Search for earth-like exo-planets in habitable zone (exo-earths) has been the holy grail in exo-planet astronomy research. Beginning with the instruments like HARPS, the extreme precision radial velocity (EPRV) community have made incredible progress in building ultra-stable spectrographs for bringing down the measurable radial velocity (rv) precision to sub-m/sec. However, to detect earth-like planets around sun-like stars in earth-like orbits, we need to be able to measure radial velocities at a few cm/sec level. For comparison, our Earth has ~9 cm/sec rv effect on our Sun.
After a brief introduction on the exciting field of exo-planets, I shall present our R&D work on the interesting subtleties one has to deal with in cm/s regime. We are developing two spectrographs; Habitable Planet Finder (HPF) in near-infrared wavelength (< 3 m/sec in NIR), and the next generation NEID spectrograph in optical wavelength (<29 cm/sec). NEID was the winning proposal of NASA-NSF Exoplanet Observational Research (NN-EXPLORE) partnership's call for an Extreme Precision Doppler Spectrometer based on recommendations of the Astro2010 Decadal Survey. With HPF already on sky and under commissioning at 10-m Hobby Eberly Telescope, USA, and NEID under construction for completion by the end of 2018 for 3.8-m WIYN telescope, we are at the beginning of the next generation cm/sec radial velocity era!.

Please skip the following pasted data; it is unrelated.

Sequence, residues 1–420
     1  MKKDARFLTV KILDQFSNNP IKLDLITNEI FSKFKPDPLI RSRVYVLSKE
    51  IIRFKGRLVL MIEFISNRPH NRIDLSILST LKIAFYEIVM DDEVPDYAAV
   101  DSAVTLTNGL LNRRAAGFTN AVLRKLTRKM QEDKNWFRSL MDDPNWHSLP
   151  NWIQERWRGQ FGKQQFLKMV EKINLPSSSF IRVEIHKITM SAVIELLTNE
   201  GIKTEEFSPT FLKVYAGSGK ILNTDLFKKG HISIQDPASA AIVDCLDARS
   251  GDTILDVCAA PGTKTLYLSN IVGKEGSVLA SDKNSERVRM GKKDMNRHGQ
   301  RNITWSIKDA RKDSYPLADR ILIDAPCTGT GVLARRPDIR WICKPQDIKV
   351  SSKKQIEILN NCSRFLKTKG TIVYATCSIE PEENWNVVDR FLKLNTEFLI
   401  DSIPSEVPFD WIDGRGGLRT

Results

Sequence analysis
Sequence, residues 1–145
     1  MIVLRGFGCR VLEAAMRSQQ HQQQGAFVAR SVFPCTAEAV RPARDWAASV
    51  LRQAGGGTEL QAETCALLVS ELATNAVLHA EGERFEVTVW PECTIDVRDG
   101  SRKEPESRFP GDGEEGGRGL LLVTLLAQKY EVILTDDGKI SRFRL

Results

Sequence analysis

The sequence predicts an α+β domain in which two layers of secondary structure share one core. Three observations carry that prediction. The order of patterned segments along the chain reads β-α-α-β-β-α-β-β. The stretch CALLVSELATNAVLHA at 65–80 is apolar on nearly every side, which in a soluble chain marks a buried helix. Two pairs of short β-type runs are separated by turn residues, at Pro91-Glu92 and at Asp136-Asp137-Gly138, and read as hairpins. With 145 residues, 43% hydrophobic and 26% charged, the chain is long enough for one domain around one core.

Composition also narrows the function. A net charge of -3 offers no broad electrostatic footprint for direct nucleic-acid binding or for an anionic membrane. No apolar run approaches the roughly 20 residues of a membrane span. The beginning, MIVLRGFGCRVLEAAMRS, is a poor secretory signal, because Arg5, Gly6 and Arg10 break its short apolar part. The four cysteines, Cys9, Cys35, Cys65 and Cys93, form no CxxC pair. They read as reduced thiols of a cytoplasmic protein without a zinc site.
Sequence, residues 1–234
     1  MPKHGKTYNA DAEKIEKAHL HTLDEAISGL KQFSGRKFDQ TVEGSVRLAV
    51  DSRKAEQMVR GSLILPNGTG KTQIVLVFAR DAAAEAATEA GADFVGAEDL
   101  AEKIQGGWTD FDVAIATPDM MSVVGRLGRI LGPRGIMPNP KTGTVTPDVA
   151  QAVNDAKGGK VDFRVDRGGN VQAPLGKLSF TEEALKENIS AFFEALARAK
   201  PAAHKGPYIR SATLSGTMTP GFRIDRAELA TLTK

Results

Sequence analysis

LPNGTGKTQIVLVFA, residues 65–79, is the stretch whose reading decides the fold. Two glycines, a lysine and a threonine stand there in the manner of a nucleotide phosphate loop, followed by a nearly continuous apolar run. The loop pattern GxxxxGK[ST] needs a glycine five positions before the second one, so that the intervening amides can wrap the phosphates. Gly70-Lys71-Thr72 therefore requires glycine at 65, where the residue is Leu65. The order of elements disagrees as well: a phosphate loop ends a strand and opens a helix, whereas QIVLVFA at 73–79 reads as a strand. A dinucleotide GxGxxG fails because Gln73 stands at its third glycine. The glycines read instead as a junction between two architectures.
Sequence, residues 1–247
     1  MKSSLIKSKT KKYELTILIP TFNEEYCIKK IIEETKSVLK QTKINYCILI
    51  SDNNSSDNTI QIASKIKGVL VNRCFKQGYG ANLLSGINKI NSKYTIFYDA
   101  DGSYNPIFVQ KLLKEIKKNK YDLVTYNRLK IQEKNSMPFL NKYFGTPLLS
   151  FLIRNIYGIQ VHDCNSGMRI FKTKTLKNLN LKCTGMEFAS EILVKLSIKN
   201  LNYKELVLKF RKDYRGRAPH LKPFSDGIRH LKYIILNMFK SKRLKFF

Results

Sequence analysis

About the Speaker:
Joe obtained his Ph.D. in 2016 from TIFR. He worked on near infrared instrumentation for developing a near-IR imager and spectrograph (TIRSPEC) for 2-meter Himalayan Chandra Telescope. He is a Postdoctoral Researcher at Penn State University, USA, where he has been working on IR detector and instrument development for very high precision radial velocity measurements for the search of exo-planets. He won Geeta Udgaonkar Award for the Best Ph.D. Thesis in Physical Sciences (2017) and NSA Medal for Young Scientist (2017).